Wientzek, M. & Katz, S. J. Mol. Cell. Cardiol. 23, 1149–1163 (1991).

    CAS  Article  PubMed  Google Scholar 

  26. 26.

    Peng, Y. et al. Mol. Cell. Proteomics 13, 2752–2764 (2014).

    CAS  Article  PubMed  PubMed Central  Google Scholar 

  27. 27.

    Kou, Q., Xun, L. & Liu, X. Bioinformatics 32, 3495–3497 (2016).

    CAS  PubMed  PubMed Central  Google Scholar 

  28. 28.

    Apweiler, R. et al. Nucleic Acids Res. 32, D115–D119 (2004).

    CAS  Article  PubMed  PubMed Central  Google Scholar 

  29. 29.

    Cai, W. et al. Mol. Cell. Proteomics 15, 703–714 (2016).

    CAS  Article  PubMed  Google Scholar 

  30. 30.

    Fellers, R. T. et al. Proteomics 15, 1235–1238 (2015).

    CAS  Article  PubMed  PubMed Central  Google Scholar 

  31. 31.

    Ashburner, M. et al. Nature Genet. 25, 25–29 (2000).

    CAS  Article  PubMed  PubMed Central  Google Scholar 

  32. 32.

    Szklarczyk, D. et al. Nucleic Acids Res. 45, D362–D368 (2017).

    CAS  Article  PubMed  Google Scholar 

  33. 33.

    Cai, W. et al. Anal. Chem. 89, 5467–5475 (2017).

    CAS  Article  PubMed  PubMed Central  Google Scholar 

Download references

Acknowledgements

This research is supported by National Institutes of Health R01 GM117058 (to S.J. and Y.G.). Y.G. acknowledges R01 HL109810, R01 HL096971, R01 GM125085 and S10 OD018475. MaSDeS was a gift from S. Saveliev (Promega Corporation). We thank A. Chen, E. Chang and W. Tang for their assistance in the early stage of the project, S. Mitchell and T. Tucholski for the help with graphics, and T. Hacker for providing the swine hearts. We thank M. Willetts at Bruker for his assistance with DataAnalysis software. We also acknowledge A. Carr, E. Bayne and J. Melby for their help testing the Supplementary Protocol to ensure reproducible results.

Author information

Affiliations

Authors

Contributions

K.A.B. designed and performed experiments, analyzed the data and wrote the manuscript. B.C. designed and performed experiments, analyzed the data and wrote the manuscript. T.M.G.-A. designed and performed experiments, analyzed the data and wrote the manuscript. Z.L. performed experiments and analyzed the data. L.H. performed experiments and analyzed the data. S.A.-G. performed experiments and analyzed the data. S.J. designed the experiments, supervised the project and wrote the manuscript. Y.G. conceived the idea, designed the experiments, supervised the project and wrote the manuscript.

Corresponding author

Correspondence to Ying Ge.

Ethics declarations

Competing interests

The University of Wisconsin–Madison has filed a provisional patent application P180335US01, US serial number 62/682027 (7 June 2018) on the basis of this work. Y.G., S.J., K.B. and T.M.G.-A. are named as inventors on the provisional patent application.

Additional information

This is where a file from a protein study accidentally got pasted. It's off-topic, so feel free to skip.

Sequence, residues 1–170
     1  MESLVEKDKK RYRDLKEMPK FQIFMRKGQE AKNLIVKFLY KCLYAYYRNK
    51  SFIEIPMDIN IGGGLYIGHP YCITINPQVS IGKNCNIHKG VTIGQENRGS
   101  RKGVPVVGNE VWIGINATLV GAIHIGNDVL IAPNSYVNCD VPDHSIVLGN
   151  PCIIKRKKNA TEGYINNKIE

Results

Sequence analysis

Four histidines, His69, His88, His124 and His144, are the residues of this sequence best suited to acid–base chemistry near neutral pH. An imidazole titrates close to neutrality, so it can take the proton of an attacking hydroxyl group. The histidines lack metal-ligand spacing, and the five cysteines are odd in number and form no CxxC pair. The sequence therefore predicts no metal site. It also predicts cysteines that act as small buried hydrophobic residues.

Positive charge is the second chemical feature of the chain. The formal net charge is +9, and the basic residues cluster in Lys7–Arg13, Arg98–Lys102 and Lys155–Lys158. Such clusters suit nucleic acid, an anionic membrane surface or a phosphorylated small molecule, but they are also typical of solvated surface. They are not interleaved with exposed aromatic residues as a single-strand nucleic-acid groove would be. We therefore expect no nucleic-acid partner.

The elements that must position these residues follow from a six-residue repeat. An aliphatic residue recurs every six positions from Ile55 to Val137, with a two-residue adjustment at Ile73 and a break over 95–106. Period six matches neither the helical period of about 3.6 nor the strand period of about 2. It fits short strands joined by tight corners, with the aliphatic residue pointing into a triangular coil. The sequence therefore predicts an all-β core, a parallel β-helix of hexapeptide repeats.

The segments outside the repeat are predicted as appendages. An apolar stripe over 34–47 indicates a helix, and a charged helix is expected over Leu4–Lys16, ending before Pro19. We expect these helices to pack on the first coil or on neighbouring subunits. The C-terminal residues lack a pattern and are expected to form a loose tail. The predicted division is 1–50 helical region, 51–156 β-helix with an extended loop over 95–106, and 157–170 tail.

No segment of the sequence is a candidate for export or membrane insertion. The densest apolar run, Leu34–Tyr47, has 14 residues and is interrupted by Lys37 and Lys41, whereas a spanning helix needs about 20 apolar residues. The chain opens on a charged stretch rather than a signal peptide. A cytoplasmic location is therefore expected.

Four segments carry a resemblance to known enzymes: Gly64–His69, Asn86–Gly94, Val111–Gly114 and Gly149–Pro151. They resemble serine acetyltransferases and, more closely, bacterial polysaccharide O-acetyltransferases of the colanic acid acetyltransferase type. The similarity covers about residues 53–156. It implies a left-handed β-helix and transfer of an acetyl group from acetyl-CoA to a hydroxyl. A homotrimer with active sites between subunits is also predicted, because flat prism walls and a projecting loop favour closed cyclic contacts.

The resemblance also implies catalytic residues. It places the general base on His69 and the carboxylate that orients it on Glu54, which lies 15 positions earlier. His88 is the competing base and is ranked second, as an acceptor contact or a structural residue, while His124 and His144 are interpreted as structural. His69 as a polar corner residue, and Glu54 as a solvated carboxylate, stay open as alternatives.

Publisher’s note: Springer Nature remains neutral with regard to jurisdictional claims in published maps and institutional affiliations.

Supplementary information

Supplementary Information

Supplementary Figs. 1–19, Supplementary Table 1 and Supplementary Notes 1–6

Reporting Summary

Supplementary Protocol

Supplementary Table 2

Detected proteoforms from LC–MS/MS run 1 (cardiac tissue)

Supplementary Table 3

Total detected proteoforms in 3 LC–MS/MS experiments: run 1 (cardiac tissue), run 2 (sarcoplasmic reticulum (SR) and mitochondria (Mit) enriched cardiac tissue), and run 3 (SR and Mit enriched cardiac tissue)

Supplementary Table 4

Proteoforms identified by TopPIC from cardiac tissue using Azo from all three LC–MS/MS runs in this study

Supplementary Table 5

Proteins identified by TopPIC from cardiac tissue using Azo from all three LC–MS/MS runs in this study

Supplementary Table 6

Subunits of the electron transport chain identified from cardiac tissue samples using Azo in this study

Supplementary Table 7

Integral membrane proteins identified from cardiac tissue samples using Azo in this study

Supplementary Table 8

ATP synthase subunits identified from cardiac tissue using Azo in this study

Supplementary Table 9

TopPIC proteoform identification: Azo protein extraction of human embryonic kidney (HEK) cell

Supplementary Table 10

TopPIC protein identification: Azo protein extraction of human embryonic kidney (HEK) cell

Supplementary Data

Full gels, blots and raw mass spectra

Source data

Rights and permissions

Reprints and Permissions

About this article

Verify currency and authenticity via CrossMark

Cite this article

Brown, K.A., Chen, B., Guardado-Alvarez, T.M. et al. A photocleavable surfactant for top-down proteomics. Nat Methods 16, 417–420 (2019). https://doi.org/10.1038/s41592-019-0391-1

Download citation

Further reading